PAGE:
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Great things that happened on transit

Elon Musk’s apparent distaste for public transit and random strangers prompted a Twitter battle last week. Though for the record, Musk later clarified that he loves trains, most subways and London buses.

Transit planner Jarrett Walker retorted that Elon’s views are the “essence of elite projection”. What’s good for Elon Musk may not, in fact, be good for the broader society. Elon responded by calling him an idiot.

All of this prompted Brent Toderian – city planner and former chief planner of Vancouver – to initiate the hashtag: #GreatThingsThatHappenedOnTransit. It then took off and the transit stories started pouring in.

Not surprisingly, this has been getting a lot of attention. It’s Elon Musk after all. But billionaire celebrities aside, it does serve as a good example of the two sides of this debate.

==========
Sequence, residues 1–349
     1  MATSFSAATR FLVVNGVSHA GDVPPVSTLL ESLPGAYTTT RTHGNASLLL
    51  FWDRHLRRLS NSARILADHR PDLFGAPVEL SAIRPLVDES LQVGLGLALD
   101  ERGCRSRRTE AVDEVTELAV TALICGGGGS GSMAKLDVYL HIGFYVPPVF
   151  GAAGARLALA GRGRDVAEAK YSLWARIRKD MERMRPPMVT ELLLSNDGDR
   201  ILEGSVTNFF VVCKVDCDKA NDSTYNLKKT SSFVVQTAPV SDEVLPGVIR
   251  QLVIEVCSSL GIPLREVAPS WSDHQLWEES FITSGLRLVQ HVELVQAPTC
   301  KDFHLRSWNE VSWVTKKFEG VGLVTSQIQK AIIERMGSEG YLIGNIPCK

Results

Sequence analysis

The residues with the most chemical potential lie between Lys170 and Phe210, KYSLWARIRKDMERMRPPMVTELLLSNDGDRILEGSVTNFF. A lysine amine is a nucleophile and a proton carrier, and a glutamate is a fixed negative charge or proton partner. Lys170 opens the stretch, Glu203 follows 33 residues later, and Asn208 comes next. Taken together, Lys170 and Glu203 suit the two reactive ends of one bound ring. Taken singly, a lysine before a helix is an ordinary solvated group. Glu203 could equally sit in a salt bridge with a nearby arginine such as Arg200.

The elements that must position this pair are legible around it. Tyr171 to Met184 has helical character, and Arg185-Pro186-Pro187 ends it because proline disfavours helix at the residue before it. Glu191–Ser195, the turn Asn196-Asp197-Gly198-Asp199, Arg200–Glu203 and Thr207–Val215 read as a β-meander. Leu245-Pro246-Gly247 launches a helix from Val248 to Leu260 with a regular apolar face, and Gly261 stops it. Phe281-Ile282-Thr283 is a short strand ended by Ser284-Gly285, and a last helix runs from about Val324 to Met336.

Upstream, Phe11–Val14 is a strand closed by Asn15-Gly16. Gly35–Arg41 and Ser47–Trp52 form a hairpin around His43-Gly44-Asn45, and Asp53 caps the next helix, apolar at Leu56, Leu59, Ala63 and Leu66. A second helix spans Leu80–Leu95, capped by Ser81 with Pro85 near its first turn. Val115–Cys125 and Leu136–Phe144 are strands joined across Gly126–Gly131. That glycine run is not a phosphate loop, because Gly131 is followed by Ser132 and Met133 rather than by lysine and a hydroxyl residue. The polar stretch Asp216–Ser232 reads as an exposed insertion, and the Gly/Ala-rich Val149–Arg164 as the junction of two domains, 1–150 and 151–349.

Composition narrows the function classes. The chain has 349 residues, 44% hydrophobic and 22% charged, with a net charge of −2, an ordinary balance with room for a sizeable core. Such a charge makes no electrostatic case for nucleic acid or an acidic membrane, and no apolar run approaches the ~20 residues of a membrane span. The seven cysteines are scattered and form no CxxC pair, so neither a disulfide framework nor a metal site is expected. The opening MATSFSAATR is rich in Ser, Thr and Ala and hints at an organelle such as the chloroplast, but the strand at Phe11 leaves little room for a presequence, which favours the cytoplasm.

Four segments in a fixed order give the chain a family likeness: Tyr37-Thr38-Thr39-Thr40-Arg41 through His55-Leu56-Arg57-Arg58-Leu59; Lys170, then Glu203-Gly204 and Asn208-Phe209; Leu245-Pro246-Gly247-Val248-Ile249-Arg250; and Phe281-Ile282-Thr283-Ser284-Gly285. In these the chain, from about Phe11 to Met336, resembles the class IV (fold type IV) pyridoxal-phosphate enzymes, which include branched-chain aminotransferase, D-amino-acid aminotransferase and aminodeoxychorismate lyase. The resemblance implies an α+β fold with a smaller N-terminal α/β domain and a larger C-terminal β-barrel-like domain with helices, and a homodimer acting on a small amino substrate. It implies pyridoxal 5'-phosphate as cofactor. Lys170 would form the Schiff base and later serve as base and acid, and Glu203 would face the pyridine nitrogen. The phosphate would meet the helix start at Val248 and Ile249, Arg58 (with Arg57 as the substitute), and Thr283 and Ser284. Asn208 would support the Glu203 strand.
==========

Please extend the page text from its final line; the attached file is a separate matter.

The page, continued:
Some people seem to think that I am anti-car. I can see why some people might think that, but I am not anti-car. I love nice cars. And I love nice trains. What I value first and foremost is the city. 

The kind of city you can build on the backbone of transit is very different than the kind of city that gets built around the car. And as a rule of thumb, I prefer the former over the latter.

But this is not to say that the public transit model is perfect. It’s far from perfect for many reasons. And it can get even more imperfect when we don’t pair it with the right land use policies.

Deploying heavy rail through low density areas – that are by design inhospitable to car-less humans – will not magically flip the modal split. Public transport alone cannot solve that problem.

At the same time, if you’re a regular reader of this blog you’ll know that I am enamoured by the possibilities of autonomous electric vehicles. I am not assuming that the “car” of tomorrow will look and perform anything like the car of today.

Mobility is such an exciting space right now.

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